September 19, 2019
Muscle Soreness Explained (IS IT GOOD?)

Muscle Soreness Explained (IS IT GOOD?)

What’s up, guys? Jeff Cavaliere, Today we’re going to talk all about workout
soreness and tell you what you need to know about workout soreness. Whether you should be chasing it because you
feel like it’s a prerequisite for growth, or whether you maybe shouldn’t be focused
so much on it. Or whether there’s even things that are
more important than it. You see, when it comes to workout soreness
– and anything here on this channel – we’re trying to put the science back in strength,
and we try to do in that ‘no BS way’ so you understand what it is you’re going after. When we talk about training and soreness,
really what we’re discovering is – and there’s a lot of research that goes back
and forth on whether or not this is true. But what we see is workout soreness is generally
created by eccentric training. There’s a reason for that. Concentrically, what we’re doing is – meaning
we’re shortening the muscle with tension. If I were to flex my bicep as hard as I possibly
can here, flex, flex, flex, flex hard; it really actually hurts. There’s tension in this muscle. I’m squeezing as hard as I can, but it’s
shortened. There’s a shortening here. If I were to have tension in the opposite
direction, eccentrically, when I’m lowering and stretching – I’ll show you on an incline
curl in a second. What I’ve done here, if I look at this band
in place of my muscle, instead of having this where I’m actually pulling, and pushing
as hard as I can, there’s tension on the ends of the band. I’m pushing, pushing them toward each other. It looks like it’s fine; it’s intact. However, if I put tension with elongation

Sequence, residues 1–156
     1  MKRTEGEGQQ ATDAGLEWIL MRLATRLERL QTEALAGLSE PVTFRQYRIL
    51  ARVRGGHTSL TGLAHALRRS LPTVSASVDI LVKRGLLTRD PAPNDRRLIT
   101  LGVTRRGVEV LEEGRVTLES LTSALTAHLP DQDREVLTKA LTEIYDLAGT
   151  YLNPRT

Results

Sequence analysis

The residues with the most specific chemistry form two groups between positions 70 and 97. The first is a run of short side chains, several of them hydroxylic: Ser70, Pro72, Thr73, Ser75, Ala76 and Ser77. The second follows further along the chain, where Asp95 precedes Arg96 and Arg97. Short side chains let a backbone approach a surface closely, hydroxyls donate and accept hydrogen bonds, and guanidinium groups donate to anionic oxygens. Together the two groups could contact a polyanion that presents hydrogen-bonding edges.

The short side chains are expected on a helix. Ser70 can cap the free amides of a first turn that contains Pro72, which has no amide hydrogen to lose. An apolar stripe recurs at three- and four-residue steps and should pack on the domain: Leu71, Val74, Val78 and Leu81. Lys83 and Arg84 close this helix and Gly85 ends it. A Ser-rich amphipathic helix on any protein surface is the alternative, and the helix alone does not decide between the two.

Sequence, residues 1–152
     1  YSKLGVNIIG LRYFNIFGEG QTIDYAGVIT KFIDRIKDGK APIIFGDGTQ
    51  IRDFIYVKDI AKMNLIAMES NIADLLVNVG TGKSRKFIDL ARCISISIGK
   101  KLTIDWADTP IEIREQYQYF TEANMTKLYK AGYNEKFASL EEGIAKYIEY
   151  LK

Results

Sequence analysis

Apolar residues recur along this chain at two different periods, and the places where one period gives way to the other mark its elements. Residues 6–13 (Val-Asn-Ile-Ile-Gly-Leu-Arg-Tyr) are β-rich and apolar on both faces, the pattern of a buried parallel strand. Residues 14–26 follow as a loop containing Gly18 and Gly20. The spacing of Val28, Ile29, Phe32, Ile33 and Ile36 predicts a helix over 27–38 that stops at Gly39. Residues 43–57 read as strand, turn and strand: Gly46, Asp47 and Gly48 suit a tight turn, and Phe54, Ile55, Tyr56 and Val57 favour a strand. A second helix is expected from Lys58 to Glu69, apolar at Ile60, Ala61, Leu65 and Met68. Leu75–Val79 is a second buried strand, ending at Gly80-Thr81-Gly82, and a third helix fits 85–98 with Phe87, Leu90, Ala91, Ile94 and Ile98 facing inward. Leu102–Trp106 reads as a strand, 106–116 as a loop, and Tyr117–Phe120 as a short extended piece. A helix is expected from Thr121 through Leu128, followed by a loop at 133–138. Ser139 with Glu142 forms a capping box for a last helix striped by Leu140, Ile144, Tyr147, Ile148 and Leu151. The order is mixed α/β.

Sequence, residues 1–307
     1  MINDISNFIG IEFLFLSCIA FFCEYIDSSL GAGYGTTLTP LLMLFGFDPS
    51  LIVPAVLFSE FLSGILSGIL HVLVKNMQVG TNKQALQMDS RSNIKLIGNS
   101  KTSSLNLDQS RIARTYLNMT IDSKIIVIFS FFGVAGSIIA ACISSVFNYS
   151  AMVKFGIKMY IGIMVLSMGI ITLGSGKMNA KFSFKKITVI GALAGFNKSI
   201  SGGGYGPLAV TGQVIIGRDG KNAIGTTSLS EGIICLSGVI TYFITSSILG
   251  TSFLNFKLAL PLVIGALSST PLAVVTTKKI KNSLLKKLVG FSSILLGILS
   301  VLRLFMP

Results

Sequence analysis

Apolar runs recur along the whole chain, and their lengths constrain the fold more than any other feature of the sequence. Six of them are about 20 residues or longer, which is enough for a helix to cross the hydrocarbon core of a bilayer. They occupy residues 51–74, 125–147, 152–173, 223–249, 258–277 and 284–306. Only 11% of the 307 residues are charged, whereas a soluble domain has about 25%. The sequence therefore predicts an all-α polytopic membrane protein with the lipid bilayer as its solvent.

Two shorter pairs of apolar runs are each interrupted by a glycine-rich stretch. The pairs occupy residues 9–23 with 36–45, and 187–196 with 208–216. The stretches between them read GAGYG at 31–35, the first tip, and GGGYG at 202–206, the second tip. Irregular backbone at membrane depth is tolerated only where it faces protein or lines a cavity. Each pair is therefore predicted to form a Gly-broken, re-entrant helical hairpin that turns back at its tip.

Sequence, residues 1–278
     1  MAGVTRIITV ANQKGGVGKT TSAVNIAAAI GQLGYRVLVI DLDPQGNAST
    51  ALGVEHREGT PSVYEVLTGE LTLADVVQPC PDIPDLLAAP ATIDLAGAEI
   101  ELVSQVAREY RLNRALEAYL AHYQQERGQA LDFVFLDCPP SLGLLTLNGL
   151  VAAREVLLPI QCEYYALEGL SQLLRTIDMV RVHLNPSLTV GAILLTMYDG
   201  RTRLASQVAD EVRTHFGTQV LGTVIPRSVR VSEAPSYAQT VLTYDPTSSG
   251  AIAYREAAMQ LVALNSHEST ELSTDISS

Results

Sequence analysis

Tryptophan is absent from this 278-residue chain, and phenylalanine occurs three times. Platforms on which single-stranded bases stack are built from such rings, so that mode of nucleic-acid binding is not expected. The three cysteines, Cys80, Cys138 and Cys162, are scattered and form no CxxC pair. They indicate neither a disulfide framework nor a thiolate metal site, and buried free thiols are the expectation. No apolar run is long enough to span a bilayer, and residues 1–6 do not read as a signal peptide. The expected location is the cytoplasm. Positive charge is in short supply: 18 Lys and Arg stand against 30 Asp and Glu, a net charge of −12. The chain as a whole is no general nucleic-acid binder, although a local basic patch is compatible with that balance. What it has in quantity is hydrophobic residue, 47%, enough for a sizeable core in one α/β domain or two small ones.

these little rips that were already in this band are getting worse, and worse, and worse. So what happens is, you’re getting these
microtears and damage in your muscle fibers when you do eccentric training. Meaning, loaded elongation of the muscle itself. That’s actually what sparks muscle growth. So, if we look at it here – as an example,
I can take a dumbbell and curl it here, and as I’m curling up I definitely have tension
in the bicep. That’s why it’s flexing. And it’s shortening. In concentric only training, ironically, can
be done without producing much soreness, if any at all. So, when I elongate I’m getting a stretch
on the muscle, and tension. So that’s doing that band effect. It’s pulling it apart. It’s creating the microtears from the damage. The people that don’t focus on eccentric
training, and they just drop the dumbbells without really allowing the tension – there’s
no tension there. So, if you do your eccentrics and you don’t
concentrate on slow eccentrics, you’re actually missing a lot of the tension. You’re getting elongation here, but not
a lot of tension because you let it go. So, if you’re going to look for soreness,
or chase after soreness you’ll get it only if you slow down the eccentrics, not just
by doing eccentrics alone. As I’ve said, other forms of eccentric training,
like sled pushing, or many of the Olympic lifts like cleans, or snatches; there’s
not a real eccentric portion of that lift. A lot of times you can do those without producing
soreness. We even have a phase in one of our programs
where we do back to back training, concentric focus on a muscle group on a certain day,
then we come back eccentrically the next day, realizing that we’re not going to be very